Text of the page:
Tuesday, November 19, 2013

Grandmother's Famous Cranberry Bread


Are old recipes better than modern ones?  Is gingerbread made from a 100-year-old recipe tastier and more authentic than one conceived last year in the test kitchen of Saveur?  Many of us share a fascination with the past (culinary and otherwise), viewing what came before through a lens that often obscures any difficulty and struggle. Even though I'm probably guiltier than most, trying to uncover and discover forgotten tastes of years gone by, I do think that what we eat (and what we cook) reflects the era in which we live, much like theater or really, any of the arts, do. But there's something to be said for those recipes that endure, passed down through generations or, in the case of this cranberry bread, disseminated more widely via flea markets and estate and eBay sales.  

Cranberry Bread (Grandmother's Famous) is truly a treasure from the past.  And perfect for the Thanksgiving table, or the morning after.  Cranberries can be frozen (just add frozen to any recipe), so it's a good way to use up any leftover berries. It's fairly simple to make, not overly sweet (typical of older recipes) and really delicious. And it's so festive-looking, a moist yellow cake studded with the bright red berries.

The orange zest and juice and the cranberries give this bread its wonderful flavor profile (though I'm sure grandmother squeezed her own orange juice).


This bread is made rather unconventionally. The butter is cut into the dry ingredients (think pie crust method) which I did in the food processor, and then the wet ingredients are blended in (done in the Kitchen Aide).


Pour into a prepared pan.  I used one of those new-fangled baking sprays, which is a combination of fat and flour. Alternately, simply grease and flour the pan.


Bake longer than you think is necessary, at least an hour. Remove from the oven and let cool somewhat on a wire rack before turning the bread out to finish cooling.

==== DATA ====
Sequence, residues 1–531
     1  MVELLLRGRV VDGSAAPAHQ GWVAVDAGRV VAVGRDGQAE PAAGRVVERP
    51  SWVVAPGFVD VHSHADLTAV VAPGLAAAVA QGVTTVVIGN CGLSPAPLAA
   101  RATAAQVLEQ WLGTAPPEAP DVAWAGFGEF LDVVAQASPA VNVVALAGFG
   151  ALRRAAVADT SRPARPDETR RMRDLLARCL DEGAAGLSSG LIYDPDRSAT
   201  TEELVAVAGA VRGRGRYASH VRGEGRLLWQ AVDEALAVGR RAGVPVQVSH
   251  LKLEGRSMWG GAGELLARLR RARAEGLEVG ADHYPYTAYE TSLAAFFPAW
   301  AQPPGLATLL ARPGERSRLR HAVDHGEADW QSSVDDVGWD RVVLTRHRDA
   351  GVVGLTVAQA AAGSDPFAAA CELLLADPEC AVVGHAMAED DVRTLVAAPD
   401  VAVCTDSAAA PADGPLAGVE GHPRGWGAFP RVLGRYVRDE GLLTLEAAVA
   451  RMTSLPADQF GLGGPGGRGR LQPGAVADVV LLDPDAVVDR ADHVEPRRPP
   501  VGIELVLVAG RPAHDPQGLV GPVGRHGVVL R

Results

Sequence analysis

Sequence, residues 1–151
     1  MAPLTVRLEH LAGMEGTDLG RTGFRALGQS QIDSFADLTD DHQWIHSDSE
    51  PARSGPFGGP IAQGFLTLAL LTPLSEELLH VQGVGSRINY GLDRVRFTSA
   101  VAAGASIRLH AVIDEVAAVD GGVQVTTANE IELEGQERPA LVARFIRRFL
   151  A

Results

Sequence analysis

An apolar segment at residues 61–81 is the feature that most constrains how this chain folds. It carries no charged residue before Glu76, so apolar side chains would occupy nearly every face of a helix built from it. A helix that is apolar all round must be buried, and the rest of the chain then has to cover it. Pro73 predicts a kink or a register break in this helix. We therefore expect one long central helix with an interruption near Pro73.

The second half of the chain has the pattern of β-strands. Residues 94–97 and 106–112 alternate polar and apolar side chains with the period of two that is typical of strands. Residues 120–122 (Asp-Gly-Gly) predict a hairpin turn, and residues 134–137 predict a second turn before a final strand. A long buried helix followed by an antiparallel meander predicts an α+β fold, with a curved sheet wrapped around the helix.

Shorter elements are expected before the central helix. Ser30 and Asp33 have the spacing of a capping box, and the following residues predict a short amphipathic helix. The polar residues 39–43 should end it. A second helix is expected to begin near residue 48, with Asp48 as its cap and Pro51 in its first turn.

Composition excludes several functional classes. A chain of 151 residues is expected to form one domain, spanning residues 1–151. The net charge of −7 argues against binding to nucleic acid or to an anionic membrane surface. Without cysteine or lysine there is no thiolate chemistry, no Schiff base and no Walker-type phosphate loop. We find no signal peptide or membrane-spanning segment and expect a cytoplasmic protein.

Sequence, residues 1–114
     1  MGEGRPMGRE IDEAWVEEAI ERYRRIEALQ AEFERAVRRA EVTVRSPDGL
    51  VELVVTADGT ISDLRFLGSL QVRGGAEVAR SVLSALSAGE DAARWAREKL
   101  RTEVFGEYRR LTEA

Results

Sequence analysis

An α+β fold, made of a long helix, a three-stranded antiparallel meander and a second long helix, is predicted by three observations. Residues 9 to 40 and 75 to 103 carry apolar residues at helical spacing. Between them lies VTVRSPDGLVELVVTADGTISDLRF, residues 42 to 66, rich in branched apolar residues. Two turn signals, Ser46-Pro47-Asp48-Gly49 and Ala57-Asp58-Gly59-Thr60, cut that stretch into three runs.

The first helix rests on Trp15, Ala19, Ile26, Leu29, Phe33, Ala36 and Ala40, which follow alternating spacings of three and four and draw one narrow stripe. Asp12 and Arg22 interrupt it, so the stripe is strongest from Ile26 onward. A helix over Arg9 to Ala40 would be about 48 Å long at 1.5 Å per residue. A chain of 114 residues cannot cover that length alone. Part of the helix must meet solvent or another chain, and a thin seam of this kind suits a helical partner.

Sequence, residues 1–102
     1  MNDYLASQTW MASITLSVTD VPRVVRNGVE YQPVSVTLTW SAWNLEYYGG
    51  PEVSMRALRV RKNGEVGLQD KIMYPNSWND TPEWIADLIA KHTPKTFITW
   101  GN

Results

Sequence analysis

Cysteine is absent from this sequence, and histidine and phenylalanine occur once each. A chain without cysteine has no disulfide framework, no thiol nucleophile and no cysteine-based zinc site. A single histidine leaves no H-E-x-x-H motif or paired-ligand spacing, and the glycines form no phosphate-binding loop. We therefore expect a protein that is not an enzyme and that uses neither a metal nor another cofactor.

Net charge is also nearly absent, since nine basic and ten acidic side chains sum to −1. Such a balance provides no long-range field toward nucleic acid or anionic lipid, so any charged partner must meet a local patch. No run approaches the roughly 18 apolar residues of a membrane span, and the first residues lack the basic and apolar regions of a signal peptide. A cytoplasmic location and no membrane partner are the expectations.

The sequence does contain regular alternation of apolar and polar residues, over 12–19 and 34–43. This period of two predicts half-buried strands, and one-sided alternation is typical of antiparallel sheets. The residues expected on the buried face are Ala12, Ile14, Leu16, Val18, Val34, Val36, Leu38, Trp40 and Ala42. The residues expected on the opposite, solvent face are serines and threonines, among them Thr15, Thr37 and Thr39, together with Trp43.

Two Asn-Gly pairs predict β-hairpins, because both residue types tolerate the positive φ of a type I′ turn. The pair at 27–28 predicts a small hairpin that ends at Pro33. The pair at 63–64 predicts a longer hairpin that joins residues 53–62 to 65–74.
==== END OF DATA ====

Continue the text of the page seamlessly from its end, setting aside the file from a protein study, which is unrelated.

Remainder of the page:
Production notes: I followed this recipe exactly, except I accidentally bought dark rather than light raisins. And I also did not chop the cranberries, a tedious and unnecessary task. To prevent the cranberries and raisins from sinking to the bottom of the batter, lightly flour them before adding. This would be excellent if you substitute the raisins (I am not a fan) with a cup of chopped walnuts.



8 comments:

  1. I was looking for a good cranberry bread recipe.
    Cranberries are everywhere here on the cape!

    ReplyDelete
    Replies
    1. Vanillasugarblog -- This will not disappoint!

      Delete
  2. Probably chopping cranberries was tedious back then, but a few pulses in the food processor would do the trick. Then the tedious and unnecessary job would be washing up.

    This looks delicious!

    ReplyDelete
    Replies
    1. That's true, but I already used my food processor to cut the butter into the flour and I thought it too tedious to wash it twice!

      Delete
  3. I do not like raisins....dried cranberries as a substitute? I am from Nebraska. My best recipes are out of Church cookbooks and from the women in my family, who were amazing cooks and bakers.

    ReplyDelete
    Replies
    1. Not a raisin fan either. I think you could simply leave them out or, better yet, substitute some chopped nuts. Dried cranberries may be overkill -- or might be brilliant. I just don't know. Yes, and home recipes are the best!

      Delete
  4. Just FYI for any lurking vegans, I tried making this with a flax egg and it came out FANTASTIC. I also used walnuts instead of raisins. The dough needed more orange juice than called for to come together, but it rose really well and is just delicious--I'll definitely be making again over the holidays!

    ReplyDelete
    Replies
    1. Thanks, Meghan. I wish I'd known that before I made some not-so-great vegan pumpkin tarts for my brother-n-law for Thanksgiving! Vegan baking is a challenge I have not mastered, obviously.

      Delete